Null-safe Type in Java 7: New way to handle NullPointerException

java-logo-cupUpdate: This feature has been removed from the final feature list that is being included in Java 7. Thanks @Stephen and @Stefan for the comments. Please refer to Project Coin for more details. NullPoniterException is one of the most common exception encountered in Java programming. When I searched “NullPointerException” in Google, it gave about 6,130,000 results! This proves how pervasive the exception is and how much effort a developer has to put in writing java code free from null pointer exception. Suppose we have a method to fetch postal code of a person’s address:
public String getPostcode(Person person) { if (person != null) { Address address = person.getAddress(); if (address != null) { return address.getPostcode(); } } return null; }
Code language: Java (java)
Now check the above syntax. We have done lots of if (null != object) checks to avoid NullPointerException. Java 7 (Codename: Dolphine) will change the way we do Null handling in our code. Java 7 will be released in first half of 2010. If we write above code using Java 7 Null-safe Type (also called Null-ignore invocation), it will look like:
public String getPostcode(Person person) { return person?.getAddress()?.getPostcode(); }
Code language: Java (java)
Null-ignore invocation is concerned with dealing with possible null values in calling one or especially a chain of methods. Check the syntax ?. while calling method on an object. This is Null-safe operator in Java 7. Thus, you can avoid lots of if (null != object) checks in Java 7.
Get our Articles via Email. Enter your email address.

You may also like...


  1. Stephen Colebourne says:

    This was rejected by Project Coin.

  2. Stefan Zobel says:


  3. Raminder says:

    Wow !! Its looks great. Certainly helpful.
    @ Stephen Colebourne: Can you provide more details for rejection?

  4. Luciano Fiandesio says:

    This is the way Freemarker handles Null. In Freemarker you can go like:
    ( object.getThis().getThat() )?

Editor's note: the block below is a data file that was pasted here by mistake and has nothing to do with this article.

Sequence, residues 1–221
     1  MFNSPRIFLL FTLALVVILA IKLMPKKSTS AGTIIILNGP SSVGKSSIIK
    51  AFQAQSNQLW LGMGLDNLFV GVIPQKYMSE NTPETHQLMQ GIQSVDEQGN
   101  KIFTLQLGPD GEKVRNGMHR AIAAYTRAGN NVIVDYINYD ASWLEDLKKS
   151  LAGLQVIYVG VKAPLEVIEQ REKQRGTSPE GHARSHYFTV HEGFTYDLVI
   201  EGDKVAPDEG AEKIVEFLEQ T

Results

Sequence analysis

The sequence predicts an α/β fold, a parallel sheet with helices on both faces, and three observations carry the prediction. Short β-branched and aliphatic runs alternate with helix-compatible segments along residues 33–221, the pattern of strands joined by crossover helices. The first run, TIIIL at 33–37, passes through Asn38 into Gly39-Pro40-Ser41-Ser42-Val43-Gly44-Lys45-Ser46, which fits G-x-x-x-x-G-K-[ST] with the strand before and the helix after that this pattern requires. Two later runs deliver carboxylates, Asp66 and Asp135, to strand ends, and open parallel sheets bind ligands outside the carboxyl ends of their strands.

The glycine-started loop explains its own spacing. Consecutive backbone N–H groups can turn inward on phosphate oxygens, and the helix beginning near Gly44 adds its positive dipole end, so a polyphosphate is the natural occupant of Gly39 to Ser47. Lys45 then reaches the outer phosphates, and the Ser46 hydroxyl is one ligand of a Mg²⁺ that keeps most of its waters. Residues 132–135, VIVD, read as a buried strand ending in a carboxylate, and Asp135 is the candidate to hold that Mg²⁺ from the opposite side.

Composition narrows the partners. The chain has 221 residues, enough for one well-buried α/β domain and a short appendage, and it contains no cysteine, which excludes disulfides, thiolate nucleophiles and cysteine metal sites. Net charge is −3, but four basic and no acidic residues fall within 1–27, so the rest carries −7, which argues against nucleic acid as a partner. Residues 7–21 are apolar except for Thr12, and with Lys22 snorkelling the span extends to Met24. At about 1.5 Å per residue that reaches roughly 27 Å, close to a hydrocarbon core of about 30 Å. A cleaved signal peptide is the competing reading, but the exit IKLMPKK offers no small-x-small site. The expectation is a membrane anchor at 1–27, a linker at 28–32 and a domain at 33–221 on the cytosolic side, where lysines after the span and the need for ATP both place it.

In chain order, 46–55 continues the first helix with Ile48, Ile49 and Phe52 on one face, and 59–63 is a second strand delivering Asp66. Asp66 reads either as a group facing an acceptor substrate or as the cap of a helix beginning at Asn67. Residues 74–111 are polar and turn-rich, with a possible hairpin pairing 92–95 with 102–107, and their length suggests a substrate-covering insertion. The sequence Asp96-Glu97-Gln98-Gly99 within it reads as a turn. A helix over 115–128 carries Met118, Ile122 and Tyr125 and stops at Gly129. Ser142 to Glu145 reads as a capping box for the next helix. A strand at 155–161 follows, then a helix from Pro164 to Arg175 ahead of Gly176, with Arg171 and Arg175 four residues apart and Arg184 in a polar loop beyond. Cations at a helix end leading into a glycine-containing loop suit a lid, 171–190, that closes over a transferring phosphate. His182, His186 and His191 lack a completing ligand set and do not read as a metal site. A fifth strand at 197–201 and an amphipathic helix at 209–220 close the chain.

5. Stephen Colebourne says:

    I believe that the opinion is that it would promote the use of null, which is ‘a bad thing’. Personally, I’m more pragmatic and think that avoiding loads of NPEs justifies the change. I know I would have used it all the time. If you don’t like the decision, write to the Coin mailing list.

  6. Pascal says:

    I do not like this. This makes it very difficult to read there is an null check and people will most likely over use it. There are times when it’s valid to do a null check and there are times it’s simply hiding a bug elsewhere. Also, during debugging, it would make it difficult to know which value is null.

  7. Kon Soulianidis says:

    Yes, it was rejected. Whilst it makes sense in Groovy, when actually tried out with real Java codebases as part of project coin testing, it didnt work so well compared to the Groovy implementation. Who knows, if you want it, contribute to the project.

    Javaposse interview with Project Coin is a great resource about the how and why

    I would strongly recommend Viral puts an Edit at the top of the article per Stephan and Stefans comments.

  8. Tim says:

    Null safe checks are useful in large legacy codebase. I personally prefer to fail fast with liberal use of preconditions to fail early in a method call however different processing needs have different requirements.

    This syntax is horrible and I cant thing of something better.

    I do think of C++ and the -> Operator

    public String getPostcode(Person person) {
    return person->getAddress()->getPostcode();

    Or potentially use the .. operator (my own concoction)

    public String getPostcode(Person person) {
    return person..getAddress()..getPostcode();

    Both seem horrible because of c++ nostalga and general eyesore.

  9. Rameez Raja says:

    I am facing the compilation if i do the same and try to work out.

    Can you please help me out??

Leave a Reply

Your email address will not be published. Required fields are marked *